NJEA President Marie Blistan and New Jersey Senate President Steve Sweeney announced a landmark agreement providing NJEA members with long-sought relief from Ch. 78 while also lowering costs for local education employers and the state at a March 9 press conference. Ch. 78, a pension and health insurance law passed in 2011, imposed unsustainable and ever-growing health care costs on educators.
The agreement includes the creation of a new health insurance plan, called the New Jersey Educators Plan, that will be offered at a much lower premium cost than most current plans available under Ch. 78. Final details of that plan were not available as of press time. Check njea.org for updates.
Additionally, that premium will be based on a percentage of salary, unlike Ch. 78 which required payment based on a percentage of the health insurance premium. TThat change will relieve members from the worry, too often borne out in recent years, that premium increases will grow more quickly than salary increases, leading to lower take-home pay year after year.
The agreement is the result of sustained and effective member organizing. NJEA members have been working on a sustained campaign to win Ch. 78 relief for nearly two years, pushing the issue to the forefront of the agenda in Trenton. As part of that campaign, NJEA members also advocated for two job justice bills that provide expanded due process and contract protection rights to New Jersey’s educational support professionals (ESPs). Blistan and Sweeney also pledged today to work together to move those bills along with Ch. 78 relief.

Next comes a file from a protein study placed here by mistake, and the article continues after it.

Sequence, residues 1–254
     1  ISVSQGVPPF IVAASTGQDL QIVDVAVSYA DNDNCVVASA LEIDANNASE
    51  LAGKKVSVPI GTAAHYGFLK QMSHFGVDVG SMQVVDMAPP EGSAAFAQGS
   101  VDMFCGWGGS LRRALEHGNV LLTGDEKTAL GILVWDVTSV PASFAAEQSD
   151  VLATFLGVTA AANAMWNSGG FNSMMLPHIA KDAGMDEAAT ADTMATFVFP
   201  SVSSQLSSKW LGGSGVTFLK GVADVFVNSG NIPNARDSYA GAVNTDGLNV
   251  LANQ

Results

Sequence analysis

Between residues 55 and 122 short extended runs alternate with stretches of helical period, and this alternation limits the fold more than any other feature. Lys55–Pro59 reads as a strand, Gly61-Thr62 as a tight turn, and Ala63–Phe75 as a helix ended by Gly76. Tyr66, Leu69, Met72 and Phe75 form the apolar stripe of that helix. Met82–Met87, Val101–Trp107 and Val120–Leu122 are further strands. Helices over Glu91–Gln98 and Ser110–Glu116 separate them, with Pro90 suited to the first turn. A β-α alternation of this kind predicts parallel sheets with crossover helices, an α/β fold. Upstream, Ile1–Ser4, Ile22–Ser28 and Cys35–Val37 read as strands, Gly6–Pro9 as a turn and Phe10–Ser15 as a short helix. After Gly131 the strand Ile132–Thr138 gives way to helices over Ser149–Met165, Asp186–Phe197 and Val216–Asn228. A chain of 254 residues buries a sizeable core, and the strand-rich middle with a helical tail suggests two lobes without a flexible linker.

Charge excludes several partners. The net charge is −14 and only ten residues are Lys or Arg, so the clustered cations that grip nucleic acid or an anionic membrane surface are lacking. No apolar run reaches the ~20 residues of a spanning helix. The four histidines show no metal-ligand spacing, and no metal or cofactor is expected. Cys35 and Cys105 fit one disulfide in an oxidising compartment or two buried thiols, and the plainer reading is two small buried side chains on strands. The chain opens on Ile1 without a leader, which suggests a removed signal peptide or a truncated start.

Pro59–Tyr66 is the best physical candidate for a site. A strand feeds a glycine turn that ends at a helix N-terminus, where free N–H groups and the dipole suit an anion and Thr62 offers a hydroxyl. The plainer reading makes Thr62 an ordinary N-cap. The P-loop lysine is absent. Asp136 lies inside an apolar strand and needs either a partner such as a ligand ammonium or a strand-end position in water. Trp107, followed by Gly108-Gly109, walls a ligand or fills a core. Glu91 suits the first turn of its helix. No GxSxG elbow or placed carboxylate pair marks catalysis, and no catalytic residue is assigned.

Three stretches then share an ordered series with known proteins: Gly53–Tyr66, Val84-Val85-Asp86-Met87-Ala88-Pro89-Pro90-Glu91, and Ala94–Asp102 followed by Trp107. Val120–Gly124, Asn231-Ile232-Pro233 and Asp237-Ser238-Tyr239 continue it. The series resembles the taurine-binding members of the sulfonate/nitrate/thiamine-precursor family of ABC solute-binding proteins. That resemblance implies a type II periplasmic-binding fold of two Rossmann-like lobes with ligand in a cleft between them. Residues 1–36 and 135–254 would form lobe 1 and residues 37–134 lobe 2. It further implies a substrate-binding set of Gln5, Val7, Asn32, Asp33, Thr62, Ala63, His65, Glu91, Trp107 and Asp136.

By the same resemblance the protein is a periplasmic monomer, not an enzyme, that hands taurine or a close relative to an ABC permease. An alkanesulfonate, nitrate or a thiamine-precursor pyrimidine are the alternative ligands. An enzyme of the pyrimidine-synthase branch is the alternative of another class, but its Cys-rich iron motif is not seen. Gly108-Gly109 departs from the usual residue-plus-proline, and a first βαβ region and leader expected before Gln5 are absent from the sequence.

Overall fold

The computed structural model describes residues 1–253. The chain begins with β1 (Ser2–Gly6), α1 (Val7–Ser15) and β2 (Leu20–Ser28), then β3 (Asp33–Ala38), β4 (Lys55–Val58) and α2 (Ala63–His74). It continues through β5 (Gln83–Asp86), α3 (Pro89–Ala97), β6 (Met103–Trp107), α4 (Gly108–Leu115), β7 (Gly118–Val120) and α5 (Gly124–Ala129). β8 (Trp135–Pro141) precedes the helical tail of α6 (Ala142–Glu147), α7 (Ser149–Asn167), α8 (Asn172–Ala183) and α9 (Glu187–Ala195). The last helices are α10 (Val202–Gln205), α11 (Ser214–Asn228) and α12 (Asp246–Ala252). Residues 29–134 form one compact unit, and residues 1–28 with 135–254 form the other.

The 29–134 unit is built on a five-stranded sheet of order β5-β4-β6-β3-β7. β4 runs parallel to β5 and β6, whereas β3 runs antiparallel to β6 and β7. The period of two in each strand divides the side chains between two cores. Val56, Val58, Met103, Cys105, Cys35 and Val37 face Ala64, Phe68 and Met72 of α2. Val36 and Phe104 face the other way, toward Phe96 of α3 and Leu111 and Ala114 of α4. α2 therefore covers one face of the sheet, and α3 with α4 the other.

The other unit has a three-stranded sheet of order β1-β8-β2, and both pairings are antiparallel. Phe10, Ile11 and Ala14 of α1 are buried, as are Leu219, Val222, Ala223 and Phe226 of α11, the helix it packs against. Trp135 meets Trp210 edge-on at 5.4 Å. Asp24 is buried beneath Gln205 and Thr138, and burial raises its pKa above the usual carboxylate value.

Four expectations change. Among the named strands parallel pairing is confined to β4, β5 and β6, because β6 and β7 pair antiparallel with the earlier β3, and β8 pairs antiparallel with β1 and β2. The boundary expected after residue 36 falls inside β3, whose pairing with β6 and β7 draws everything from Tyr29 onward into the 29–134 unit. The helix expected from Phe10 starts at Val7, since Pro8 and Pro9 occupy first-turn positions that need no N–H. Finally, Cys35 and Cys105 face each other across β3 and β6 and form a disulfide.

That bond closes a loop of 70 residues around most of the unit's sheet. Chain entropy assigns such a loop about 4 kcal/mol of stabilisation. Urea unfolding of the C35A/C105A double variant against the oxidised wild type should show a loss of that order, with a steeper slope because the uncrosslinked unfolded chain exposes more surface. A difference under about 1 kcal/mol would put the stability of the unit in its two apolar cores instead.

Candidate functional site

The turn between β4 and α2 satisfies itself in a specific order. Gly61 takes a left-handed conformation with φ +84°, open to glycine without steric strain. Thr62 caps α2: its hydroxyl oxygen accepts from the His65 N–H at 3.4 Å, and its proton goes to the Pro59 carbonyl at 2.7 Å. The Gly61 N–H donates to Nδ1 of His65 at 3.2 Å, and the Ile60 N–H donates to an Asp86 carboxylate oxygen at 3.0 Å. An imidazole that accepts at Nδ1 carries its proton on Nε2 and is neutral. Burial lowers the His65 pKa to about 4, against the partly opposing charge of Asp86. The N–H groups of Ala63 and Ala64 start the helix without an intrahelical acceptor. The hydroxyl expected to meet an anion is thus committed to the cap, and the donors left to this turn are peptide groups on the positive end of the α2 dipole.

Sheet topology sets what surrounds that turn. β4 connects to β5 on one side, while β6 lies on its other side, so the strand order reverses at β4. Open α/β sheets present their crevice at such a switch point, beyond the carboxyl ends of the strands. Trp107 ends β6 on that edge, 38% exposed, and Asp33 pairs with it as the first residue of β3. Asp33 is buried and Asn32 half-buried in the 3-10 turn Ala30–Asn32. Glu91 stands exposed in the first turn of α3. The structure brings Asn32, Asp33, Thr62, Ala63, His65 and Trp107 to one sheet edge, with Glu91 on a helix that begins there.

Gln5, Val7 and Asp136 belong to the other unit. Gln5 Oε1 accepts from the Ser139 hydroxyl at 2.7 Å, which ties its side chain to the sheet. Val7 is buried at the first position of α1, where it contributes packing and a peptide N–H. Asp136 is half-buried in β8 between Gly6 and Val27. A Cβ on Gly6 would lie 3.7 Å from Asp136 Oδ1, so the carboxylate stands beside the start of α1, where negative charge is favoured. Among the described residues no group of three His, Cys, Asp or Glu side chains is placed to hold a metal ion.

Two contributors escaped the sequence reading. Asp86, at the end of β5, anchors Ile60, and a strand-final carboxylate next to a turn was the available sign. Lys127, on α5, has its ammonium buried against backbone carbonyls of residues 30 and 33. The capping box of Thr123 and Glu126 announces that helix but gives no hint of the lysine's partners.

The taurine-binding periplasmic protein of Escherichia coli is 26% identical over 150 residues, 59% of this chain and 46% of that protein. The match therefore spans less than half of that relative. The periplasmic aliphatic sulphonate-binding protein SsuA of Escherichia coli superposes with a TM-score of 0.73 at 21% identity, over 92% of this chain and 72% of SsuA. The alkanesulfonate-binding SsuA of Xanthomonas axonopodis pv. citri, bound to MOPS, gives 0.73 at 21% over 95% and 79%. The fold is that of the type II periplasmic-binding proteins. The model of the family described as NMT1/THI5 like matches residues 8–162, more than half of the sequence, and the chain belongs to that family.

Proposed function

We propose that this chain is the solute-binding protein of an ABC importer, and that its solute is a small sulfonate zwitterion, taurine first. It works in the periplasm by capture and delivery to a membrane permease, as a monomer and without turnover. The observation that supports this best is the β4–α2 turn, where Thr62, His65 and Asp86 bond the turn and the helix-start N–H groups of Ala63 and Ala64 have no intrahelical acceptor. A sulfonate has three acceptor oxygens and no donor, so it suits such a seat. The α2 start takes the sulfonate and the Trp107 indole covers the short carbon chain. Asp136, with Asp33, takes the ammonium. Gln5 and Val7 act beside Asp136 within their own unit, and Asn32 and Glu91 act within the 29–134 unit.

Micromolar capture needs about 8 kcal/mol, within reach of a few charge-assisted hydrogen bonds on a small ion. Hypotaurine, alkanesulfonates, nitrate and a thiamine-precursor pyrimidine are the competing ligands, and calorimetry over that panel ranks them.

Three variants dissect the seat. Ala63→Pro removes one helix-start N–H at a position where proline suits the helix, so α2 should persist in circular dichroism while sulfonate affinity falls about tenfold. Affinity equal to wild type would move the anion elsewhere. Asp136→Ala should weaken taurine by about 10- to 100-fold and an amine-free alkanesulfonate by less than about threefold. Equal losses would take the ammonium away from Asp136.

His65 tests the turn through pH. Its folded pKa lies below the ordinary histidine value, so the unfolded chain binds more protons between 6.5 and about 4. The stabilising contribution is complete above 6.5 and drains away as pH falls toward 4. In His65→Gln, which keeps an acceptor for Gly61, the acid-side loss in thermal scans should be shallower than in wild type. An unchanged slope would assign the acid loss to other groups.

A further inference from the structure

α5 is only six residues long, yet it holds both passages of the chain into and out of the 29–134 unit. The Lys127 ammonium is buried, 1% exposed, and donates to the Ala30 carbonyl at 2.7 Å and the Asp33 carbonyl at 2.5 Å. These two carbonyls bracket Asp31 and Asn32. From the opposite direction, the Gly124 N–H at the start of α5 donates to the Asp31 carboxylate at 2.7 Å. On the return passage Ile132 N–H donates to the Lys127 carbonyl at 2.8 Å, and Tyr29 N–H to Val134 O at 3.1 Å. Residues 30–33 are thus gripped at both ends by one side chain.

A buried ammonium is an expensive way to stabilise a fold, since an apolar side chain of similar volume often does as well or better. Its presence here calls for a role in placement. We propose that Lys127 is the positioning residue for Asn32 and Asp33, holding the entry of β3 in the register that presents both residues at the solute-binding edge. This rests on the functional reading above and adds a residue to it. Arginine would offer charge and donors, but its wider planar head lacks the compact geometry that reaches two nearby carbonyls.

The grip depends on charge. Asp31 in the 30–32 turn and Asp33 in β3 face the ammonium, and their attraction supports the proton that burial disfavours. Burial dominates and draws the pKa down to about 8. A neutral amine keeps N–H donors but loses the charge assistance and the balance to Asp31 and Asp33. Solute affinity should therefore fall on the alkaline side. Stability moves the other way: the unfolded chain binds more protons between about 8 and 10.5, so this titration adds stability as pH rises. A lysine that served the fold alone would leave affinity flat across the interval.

“This is the culmination of a very long process,” said NJEA President Marie Blistan. “It was not easy, but the work we have done together is a major victory for both our members and all the other taxpayers of New Jersey.
As of the day the NJEA Review went to press, March 13, a bill enacting the agreement was still being drafted, but with a goal to implement the agreement by July 1, the legislation is expected to move swiftly.
Once a draft of the legislation is available, NJEA leaders and staff will examine it carefully to ensure it matches the agreement struck by NJEA and Sweeney. After the resulting legislation is adopted and signed by the governor, the SEHBP Plan Design Committee will develop, consider and approve the health care plans enabled by the new law. An open enrollment period will follow for public school employees to choose among the insurance options.
As the Review went to press, the Senate introduced its Ch. 78 relief bill, S-2271. See this post for details.
Along with coming to an agreement on Ch. 78 relief, Sweeney has committed to passing two job justice bills that protect the jobs of ESPs. Those bills provide long-overdue fairness to the many hard-working professionals who help make our schools the best in the nation.
The multiple pieces of legislation will provide just-cause arbitration rights to educational support professionals (ESP) and prevent subcontracting of ESP positions during an active collective bargaining agreement.
Legislation to address privatization of ESP jobs will prohibit employers from entering into a subcontracting agreement that affects the employment of those covered by an unexpired collective bargaining agreement. Once a collective bargaining agreement expires, an employer would be permitted to enter into a subcontracting agreement only if the employer provides written notice to the local associations in each collective bargaining unit and to the New Jersey Public Employment Relations Commission at least 90 days prior to any effort to seek a subcontracting agreement.
Under the legislation, school boards will be required to give local associations the opportunity to meet and discuss the decision to subcontract and negotiate over its impact. Each employee replaced or displaced because of a subcontracting agreement would retain all previously acquired seniority and would have recall rights if the subcontracting terminates.
Legislation to provide or expand due-process for ESPs will extend to nonteaching school employees the right to submit to binding arbitration any dispute regarding whether there is just cause for a disciplinary action up to and including the lack of continuation of employment.